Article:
virtual path connection

See VPC.

virtual path identifier

See VPI.

virtual path identifier/virtual channel identifier

See VPI/VCI.

virtual path link

See VPL.

virtual ring

Entity in an SRB network that logically connects two or more physical rings together either locally or remotely. The concept of virtual rings can be expanded across router boundaries.

virtual route

In SNA, a logical connection between subarea nodes that is physically realized as a particular explicit route. SNA terminology for virtual circuit. See also virtual circuit.

virtual subnet

Logical grouping of devices that share a common Layer 3 subnet.

virtual telecommunications access method

See VTAM.

Virtual Terminal Protocol

See VTP.

VLAN

virtual LAN. Group of devices on one or more LANs that are configured (using management software) so that they can communicate as if they were attached to the same wire, when in fact they are located on a number of different LAN segments. Because VLANs are based on logical instead of physical connections, they are extremely flexible.

VLI

virtual LAN internetwork. Internetwork composed of VLANs. See also VLAN.

VLSM

variable-length subnet mask. Ability to specify a different subnet mask for the same network number on different subnets. VLSM can help optimize available address space.

VMAC

Virtual Media Access Control.

VNS

See Virtual Networking Services in the "Cisco Systems Terms and Acronyms" section.

VoATM

Voice Over ATM. Voice over ATM enables a router to carry voice traffic (for example, telephone calls and faxes) over an ATM network. When sending voice traffic over ATM, the voice traffic is encapsulated using a special AAL5 encapsulation for multiplexed voice.

VoATM dial peer

Dial peer connected via an ATM network. VoATM peers point to specific VoATM devices.

VoFR

Voice Over Frame Relay. Voice over Frame Relay enables a router to carry voice traffic (for example, telephone calls and faxes) over a Frame Relay network. When sending voice traffic over Frame Relay, the voice traffic is segmented and encapsulated for transit across the Frame Relay network using FRF.12 encapsulation.

VoFR dial peer

Dial peer connected via a Frame Relay network. VoFR peers point to specific VoFR devices.

VoHDLC

Voice Over HDLC. Voice over HDLC enables a router to carry live voice traffic (for example, telephone calls and faxes) back-to-back to a second router over a serial line.

VoHDLC dial peer

Dial peer connected via an HDLC network. VoHDLC peers point to specific VoHDLC devices.

VoIP

Voice over IP. The ability to carry normal telephony-style voice over an IP-based internet with POTS-like functionality, reliability, and voice quality

Voice over IP

Voice over IP enables a router to carry voice traffic (for example, telephone calls and faxes) over an IP network. In Voice over IP, the DSP segments the voice signal into frames, which are then coupled in groups of two and stored in voice packets. These voice packets are transported using IP in compliance with ITU-T specification H.323.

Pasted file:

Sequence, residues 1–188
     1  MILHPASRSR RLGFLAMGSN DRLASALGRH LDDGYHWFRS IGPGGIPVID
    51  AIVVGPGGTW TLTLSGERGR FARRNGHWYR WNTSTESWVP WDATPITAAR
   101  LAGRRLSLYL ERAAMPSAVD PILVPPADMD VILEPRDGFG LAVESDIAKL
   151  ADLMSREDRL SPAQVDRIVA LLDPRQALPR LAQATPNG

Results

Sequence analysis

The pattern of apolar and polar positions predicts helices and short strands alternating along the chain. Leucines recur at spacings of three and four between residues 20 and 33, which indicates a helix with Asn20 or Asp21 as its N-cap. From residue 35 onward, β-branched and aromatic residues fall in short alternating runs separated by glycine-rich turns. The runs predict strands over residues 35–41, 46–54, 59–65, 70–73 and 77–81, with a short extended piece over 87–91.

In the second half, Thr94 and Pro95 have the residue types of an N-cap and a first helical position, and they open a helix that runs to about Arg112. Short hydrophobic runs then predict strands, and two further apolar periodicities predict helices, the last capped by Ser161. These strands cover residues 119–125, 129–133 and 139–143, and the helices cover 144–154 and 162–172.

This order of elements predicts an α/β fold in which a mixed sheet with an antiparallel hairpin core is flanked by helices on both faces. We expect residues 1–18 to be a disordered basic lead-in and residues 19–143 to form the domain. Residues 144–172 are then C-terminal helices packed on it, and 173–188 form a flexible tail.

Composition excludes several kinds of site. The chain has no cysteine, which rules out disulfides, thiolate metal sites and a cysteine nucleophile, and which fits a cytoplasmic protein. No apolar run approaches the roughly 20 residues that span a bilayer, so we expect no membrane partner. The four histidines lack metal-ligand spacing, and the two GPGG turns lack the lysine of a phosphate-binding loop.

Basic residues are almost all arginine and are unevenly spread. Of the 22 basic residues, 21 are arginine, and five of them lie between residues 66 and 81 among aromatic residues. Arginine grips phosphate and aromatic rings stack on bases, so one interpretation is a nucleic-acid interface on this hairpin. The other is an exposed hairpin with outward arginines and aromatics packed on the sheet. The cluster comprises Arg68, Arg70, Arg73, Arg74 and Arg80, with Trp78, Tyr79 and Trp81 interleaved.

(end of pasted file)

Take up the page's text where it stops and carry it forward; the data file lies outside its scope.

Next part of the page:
VP

virtual path. One of two types of ATM circuits identified by a VPI. A virtual path is a bundle of virtual channels, all of which are switched transparently across an ATM network based on a common VPI. See also VPI.

VPC

virtual path connection. Grouping of VCCs that share one or more contiguous VPL. See also VCC and VPL.

VPDN

virtual private dial-up network. See also VPN.

VPI

virtual path identifier. 8-bit field in the header of an ATM cell. The VPI, together with the VCI, is used to identify the next destination of a cell as it passes through a series of ATM switches on its way to its destination. ATM switches use the VPI/VCI fields to identify the next VCL that a cell needs to transit on its way to its final destination. The function of the VPI is similar to that of the DLCI in Frame Relay. Compare with DLCI. See also VCD and VCL.

VPI/VCI

See VCD and VPI.

VPL

virtual path link. Within a virtual path, a group of unidirectional VCLs with the same end points. Grouping VCLs into VPLs reduces the number of connections to be managed, thereby decreasing network control overhead and cost. A VPC is made up of one or more VPLs.

VPN

Virtual Private Network, which Enables IP traffic to travel securely over a public TCP/IP network by encrypting all traffic from one network to another. A VPN uses "tunneling" to encrypt all information at the IP level.

VRML

Virtual Reality Modeling Language. Specification for displaying 3-dimensional objects on the World Wide Web. Think of it as the 3-D equivalent of HTML.

VSC

See VSC in the Cisco Systems Terms and Acronyms section.

VSI

Virtual Switch Interface

VS/VD

virtual source/virtual destination.

VT-n

Virtual Tributary level n. SONET format for mapping a lower-rate signal into a SONET payload. For example, VT-1.5 is used to transport a DS-1 signal. See also DS-1 and SONET.

VTAM

virtual telecommunications access method. Set of programs that control communication between LUs. VTAM controls data transmission between channel-attached devices and performs routing functions. See also LU.

VTP

Virtual Terminal Protocol. ISO application for establishing a virtual terminal connection across a network.

vty

virtual type terminal, but commonly used as virtual terminal lines.



hometocprevnextglossaryfeedbacksearchhelp
Posted: Tue Sep 21 15:25:04 PDT 1999
Copyright 1989-1999©Cisco Systems Inc.